Challah French Toast with Cranberry-Apple Compote
Always choose a firm-textured, flavorful bread for the best French toast. Slices of gold, egg-rich challah are a good choice because they soak up the batter yet retain their shape during cooking. The addition of maple syrup to the batter both flavors it and promotes browning.
For the cranberry-apple compote:
- 2 apples, such as Granny Smith or Baldwin, peeled, cored and cut into 3/4-inch pieces
- 1 cup fresh or thawed frozen cranberries
- 2 Tbs. sugar
- 1/2 cup fresh orange juice
- 2 slices fresh ginger, about 1/4 inch thick
- 3 eggs
- 3/4 cup milk
- 2 Tbs. maple syrup
- 1 tsp. ground cinnamon
- 1/8 tsp. salt
- 1 Tbs. unsalted butter
- 8 slices day-old challah, each 3/4 inch thick, with crusts
To make the compote, in a nonreactive saucepan over medium heat, combine the apples, cranberries, sugar, orange juice and ginger. Cover, bring to a simmer and cook, stirring occasionally, until the apples are soft when pierced with a fork, about 15 minutes. Serve the compote warm, or chill in the refrigerator and serve cold. Or, store in an airtight container in the refrigerator for up to 3 days.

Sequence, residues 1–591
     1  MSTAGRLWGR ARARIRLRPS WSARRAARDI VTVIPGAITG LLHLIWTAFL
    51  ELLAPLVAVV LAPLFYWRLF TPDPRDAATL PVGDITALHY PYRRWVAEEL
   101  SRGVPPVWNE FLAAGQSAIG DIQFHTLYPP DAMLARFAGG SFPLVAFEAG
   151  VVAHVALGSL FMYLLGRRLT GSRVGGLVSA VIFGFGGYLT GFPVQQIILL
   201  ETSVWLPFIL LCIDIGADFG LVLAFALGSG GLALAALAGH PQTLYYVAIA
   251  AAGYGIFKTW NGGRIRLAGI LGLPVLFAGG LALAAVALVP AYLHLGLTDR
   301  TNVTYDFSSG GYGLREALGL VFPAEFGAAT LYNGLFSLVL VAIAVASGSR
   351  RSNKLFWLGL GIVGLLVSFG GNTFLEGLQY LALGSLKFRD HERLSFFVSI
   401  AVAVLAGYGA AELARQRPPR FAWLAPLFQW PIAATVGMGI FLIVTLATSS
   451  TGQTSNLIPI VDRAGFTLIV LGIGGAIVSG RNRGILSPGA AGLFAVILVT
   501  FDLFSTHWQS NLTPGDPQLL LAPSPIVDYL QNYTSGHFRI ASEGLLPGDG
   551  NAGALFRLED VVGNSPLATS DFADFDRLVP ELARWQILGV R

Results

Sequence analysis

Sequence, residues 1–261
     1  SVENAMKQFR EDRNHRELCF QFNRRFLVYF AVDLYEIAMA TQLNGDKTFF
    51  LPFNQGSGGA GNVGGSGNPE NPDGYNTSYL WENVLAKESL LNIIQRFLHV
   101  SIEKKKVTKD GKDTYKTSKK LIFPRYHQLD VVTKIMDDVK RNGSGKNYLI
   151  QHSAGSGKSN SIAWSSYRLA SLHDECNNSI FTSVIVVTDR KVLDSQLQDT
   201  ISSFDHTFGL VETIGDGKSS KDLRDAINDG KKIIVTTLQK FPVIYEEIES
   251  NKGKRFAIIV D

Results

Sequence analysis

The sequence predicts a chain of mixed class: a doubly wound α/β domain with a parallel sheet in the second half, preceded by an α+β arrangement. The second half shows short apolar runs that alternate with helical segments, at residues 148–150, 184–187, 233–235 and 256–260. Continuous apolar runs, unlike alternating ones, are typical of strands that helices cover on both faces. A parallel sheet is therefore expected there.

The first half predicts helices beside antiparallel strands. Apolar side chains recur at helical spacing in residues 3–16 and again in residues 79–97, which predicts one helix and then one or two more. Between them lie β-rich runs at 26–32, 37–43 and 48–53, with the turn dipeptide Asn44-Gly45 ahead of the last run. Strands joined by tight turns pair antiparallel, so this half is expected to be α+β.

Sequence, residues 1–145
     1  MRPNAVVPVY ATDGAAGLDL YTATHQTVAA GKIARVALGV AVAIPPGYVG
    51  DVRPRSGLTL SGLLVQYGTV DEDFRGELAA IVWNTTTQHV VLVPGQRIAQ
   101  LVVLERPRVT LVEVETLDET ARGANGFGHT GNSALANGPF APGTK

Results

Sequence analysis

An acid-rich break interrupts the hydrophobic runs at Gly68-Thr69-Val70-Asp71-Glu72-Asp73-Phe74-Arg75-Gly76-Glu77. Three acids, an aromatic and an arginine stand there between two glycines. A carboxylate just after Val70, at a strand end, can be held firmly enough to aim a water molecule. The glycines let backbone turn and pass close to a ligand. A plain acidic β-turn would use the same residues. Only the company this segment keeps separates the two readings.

In a bowl, whisk together the eggs, milk, maple syrup, cinnamon and salt. Pour the batter into a baking dish.
In a large fry pan over medium heat, melt half of the butter and continue to heat until it foams but does not brown.
Place 4 of the bread slices in the egg mixture and let stand for 5 seconds. Turn and let stand for 5 seconds more. Using tongs, lift the slices from the batter, letting any excess drip back into the baking dish, and transfer to the hot pan. Cook until browned, about 3 minutes. Turn the slices over and cook until browned on the other side, about 2 minutes more. Using clean tongs, transfer the French toast to a warmed platter. Repeat with the remaining butter, batter and bread slices.
Serve immediately, accompanied by the cranberry-apple compote. Serves 4.
Adapted from Williams-Sonoma Essentials of Breakfast and Brunch, by Georgeanne Brennan, Elinor Klivans, Jordan Mackay and Charles Pierce (Oxmoor House, 2007).